A will is a document that is presented to the probate court after you are gone. The probate court judge needs to be able to read that document and determine that it is in fact your will and that you signed that will. The judge then issues a court order to distribute your property following your instructions. This all sounds very simple. However, you are not available to testify that the will is in fact yours. The judge has to make sure that no one changed your will without your permission. The judge also needs to determine by reading the will who you wanted to receive your property and what you wanted each person to have. All of these decisions are made without the testimony of the one and only person who really knew what he or she wanted: you! Therefore, your will must speak for itself.
The words in a will are confusing because the law on wills came from our English heritage. Unlike most areas of law where more modern terms have been incorporated into the law, much of the terminology associated with wills has not changed for centuries.
A Will Is Divided into Parts
The more specific you are about what you want, the easier it will be for the probate court judge to make the right decisions about your property. Each part of your will is designed to help the probate court judge interpret your intentions. A will has parts, often referred to as the articles. Each article is designed to accomplish a purpose.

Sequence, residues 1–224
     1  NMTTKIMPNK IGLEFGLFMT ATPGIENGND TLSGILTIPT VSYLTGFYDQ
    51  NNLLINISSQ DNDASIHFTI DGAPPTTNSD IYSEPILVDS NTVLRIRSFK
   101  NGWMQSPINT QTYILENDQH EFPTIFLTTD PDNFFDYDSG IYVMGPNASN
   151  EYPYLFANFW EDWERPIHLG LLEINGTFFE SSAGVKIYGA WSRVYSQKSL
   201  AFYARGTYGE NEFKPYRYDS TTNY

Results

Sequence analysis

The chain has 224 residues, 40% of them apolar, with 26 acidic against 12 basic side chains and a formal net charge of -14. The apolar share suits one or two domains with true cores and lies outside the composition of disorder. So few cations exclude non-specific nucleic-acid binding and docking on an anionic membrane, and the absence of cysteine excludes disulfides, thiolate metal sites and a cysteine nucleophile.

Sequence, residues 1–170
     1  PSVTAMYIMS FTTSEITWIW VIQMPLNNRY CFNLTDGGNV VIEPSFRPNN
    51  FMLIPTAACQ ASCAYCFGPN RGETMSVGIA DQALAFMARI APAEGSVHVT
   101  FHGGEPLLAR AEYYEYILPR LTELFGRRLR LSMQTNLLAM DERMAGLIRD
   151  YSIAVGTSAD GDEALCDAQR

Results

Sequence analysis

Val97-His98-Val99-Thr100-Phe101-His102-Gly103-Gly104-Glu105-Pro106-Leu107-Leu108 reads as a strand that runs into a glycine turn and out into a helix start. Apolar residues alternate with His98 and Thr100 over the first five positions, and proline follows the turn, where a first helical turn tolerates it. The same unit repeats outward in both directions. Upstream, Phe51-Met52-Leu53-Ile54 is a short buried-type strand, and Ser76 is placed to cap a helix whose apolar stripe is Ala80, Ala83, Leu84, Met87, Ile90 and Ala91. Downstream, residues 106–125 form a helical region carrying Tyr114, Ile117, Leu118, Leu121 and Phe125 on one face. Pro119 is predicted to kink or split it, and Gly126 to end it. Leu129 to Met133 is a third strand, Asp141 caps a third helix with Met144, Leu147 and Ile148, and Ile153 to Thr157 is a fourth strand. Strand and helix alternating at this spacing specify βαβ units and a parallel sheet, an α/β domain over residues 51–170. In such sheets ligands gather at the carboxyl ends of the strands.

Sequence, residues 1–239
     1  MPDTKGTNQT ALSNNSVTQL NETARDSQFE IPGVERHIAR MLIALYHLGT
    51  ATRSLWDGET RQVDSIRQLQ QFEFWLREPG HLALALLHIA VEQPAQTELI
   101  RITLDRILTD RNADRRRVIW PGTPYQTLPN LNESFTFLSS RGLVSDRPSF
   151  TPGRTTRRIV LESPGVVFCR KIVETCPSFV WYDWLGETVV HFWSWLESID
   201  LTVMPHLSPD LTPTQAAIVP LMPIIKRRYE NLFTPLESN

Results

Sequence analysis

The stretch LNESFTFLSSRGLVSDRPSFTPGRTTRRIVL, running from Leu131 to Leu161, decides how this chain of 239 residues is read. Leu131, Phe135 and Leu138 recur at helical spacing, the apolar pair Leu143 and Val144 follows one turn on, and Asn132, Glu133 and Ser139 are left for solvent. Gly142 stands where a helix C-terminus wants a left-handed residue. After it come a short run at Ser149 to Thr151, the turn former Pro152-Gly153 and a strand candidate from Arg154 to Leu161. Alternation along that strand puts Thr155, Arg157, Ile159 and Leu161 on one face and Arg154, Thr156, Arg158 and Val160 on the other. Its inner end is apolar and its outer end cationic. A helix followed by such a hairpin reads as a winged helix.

Don't Be Intimidated by Fancy Words
Words are intimidating when you don't understand what they mean. For instance, let's say you take your car to a mechanic. The mechanic starts talking about the lifters, pistons, plugs, serpentine belt, and catalytic converter, and you become nervous because you have no idea what he is talking about. When your will includes phrases like “descendants by right of representation” or “property passing per stirpes,” that same sense of unease fills your mind. Don't be intimidated! By the time you finish reading this chapter, you will understand those fancy words.
Because the words in a will have a particular meaning to the court, it is important for you to learn those terms and use them correctly, especially if you are thinking of preparing your own will.